Adventures in PXE booting part 2»

Today was spent trying to get SysLinux chainloaded via iPXE over HTTP. This appears to be something that not many people attempt to do. Usually TFTP is the protocol of choice here, and there’s very little documentation about getting this working correctly. In order to do this, I’m loading gpxelinux.0 (part of the syslinux package, look in the gpxe directory) via HTTP, and having it fetch the config. The setup for this is rather straightforward, once I determined that putting quotes around the values here breaks everything. The basic config in iPXE you need for this is:

set 209:string /menu.cfg
set 210:string

The 209:string line here is the name and path to your configuration file. The 210:string is the hostname of your web server. My understanding is that the 210:string line will be used as the base url for any other files that are needed. Once you have this set your menu.cfg should look something like this:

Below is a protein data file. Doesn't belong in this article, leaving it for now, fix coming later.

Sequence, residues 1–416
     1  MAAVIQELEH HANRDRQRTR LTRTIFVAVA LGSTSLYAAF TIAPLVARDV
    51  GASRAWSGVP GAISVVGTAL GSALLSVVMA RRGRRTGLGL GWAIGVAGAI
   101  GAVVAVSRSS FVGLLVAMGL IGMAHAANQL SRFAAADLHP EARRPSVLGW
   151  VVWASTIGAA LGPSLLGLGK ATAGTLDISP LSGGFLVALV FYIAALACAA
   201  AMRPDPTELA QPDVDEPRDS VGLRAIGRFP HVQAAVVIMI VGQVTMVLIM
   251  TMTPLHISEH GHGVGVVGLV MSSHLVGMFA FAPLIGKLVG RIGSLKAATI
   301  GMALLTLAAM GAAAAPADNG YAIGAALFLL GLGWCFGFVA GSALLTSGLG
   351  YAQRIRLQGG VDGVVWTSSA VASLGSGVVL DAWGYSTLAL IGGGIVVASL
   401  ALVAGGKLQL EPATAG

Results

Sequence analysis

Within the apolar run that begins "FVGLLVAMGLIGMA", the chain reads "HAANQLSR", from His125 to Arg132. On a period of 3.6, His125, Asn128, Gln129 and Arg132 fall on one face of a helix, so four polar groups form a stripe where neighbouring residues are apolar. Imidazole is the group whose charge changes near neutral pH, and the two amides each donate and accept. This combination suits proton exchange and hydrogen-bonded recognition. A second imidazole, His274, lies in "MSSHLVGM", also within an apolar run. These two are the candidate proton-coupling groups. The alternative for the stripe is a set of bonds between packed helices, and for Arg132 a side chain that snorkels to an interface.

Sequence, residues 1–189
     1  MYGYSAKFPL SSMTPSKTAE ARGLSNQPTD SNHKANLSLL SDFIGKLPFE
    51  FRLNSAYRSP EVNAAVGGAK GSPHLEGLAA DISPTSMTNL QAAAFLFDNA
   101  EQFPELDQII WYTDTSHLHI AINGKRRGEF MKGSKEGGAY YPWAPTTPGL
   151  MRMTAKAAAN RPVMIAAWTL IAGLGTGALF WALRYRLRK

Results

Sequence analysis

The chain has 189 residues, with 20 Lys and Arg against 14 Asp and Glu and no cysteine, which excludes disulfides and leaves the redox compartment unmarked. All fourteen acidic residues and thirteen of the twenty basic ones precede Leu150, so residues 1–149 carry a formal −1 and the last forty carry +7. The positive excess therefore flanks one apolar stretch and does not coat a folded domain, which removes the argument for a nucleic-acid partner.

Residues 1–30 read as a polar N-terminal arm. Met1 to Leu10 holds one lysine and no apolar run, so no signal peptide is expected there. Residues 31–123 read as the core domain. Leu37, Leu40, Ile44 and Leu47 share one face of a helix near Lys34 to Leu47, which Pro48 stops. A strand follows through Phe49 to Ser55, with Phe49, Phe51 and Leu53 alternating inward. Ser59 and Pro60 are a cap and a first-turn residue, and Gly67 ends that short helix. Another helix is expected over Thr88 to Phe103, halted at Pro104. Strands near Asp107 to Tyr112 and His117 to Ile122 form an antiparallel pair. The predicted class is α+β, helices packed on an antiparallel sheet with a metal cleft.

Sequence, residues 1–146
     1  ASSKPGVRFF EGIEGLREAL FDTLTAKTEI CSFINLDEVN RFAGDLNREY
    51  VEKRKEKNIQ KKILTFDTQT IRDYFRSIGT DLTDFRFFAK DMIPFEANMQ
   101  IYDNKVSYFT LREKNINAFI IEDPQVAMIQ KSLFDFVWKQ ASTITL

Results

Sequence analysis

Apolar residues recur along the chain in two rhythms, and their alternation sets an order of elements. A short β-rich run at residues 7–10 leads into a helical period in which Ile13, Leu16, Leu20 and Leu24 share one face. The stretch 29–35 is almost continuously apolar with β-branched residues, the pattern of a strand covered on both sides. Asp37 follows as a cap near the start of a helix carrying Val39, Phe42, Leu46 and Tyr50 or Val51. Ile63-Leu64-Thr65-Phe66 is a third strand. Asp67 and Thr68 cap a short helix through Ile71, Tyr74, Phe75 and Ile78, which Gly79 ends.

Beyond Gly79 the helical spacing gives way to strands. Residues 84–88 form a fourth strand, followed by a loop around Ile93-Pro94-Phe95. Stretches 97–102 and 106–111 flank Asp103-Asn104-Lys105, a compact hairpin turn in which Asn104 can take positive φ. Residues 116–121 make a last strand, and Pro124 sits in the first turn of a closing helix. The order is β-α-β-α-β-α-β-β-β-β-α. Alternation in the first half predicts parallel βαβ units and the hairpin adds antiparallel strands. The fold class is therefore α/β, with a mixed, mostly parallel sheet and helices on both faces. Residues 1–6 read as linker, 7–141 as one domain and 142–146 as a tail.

UI vesamenu.c32


This should work, but it doesn’t. I can check web server logs, and see that both menu.cfg and vesamenu.c32 get downloaded, but the machine immediately reboots after that. I’m probably going to have to use TFTP for this, though I’m going to make every effort to try to use HTTP for everything else.

An annoying bug I’ve discovered with most (all?) Debian based LiveCD’s: You can’t boot them via MemDisk. You can usally extract the kernel, initrd, and filesystem from them and boot those, but it’s a bit more annyoing then dropping an ISO in a directory.

If you are using Cisco routers (possibly anything with STP), you should be aware it can take anywhere from 15-30 seconds before an ethernet port goes from unlinked to linked. This is just manifests itself as networking randomly not working, or DHCP timing out. I’ve seen the issue where DHCP in PXE works correctly, but when it loads the operating system the port shuts down for long enough for STP to have to reinitialize, leading to more DHCP timeouts. The appropriate setting to disable this is called ‘portfast’ on Cisco routers. I haven’t disabled it, because it can apparently cause temporary broadcast storms if you manage to plug a router into itself. 30s of delay is far better then taking down a production network for any amount of time.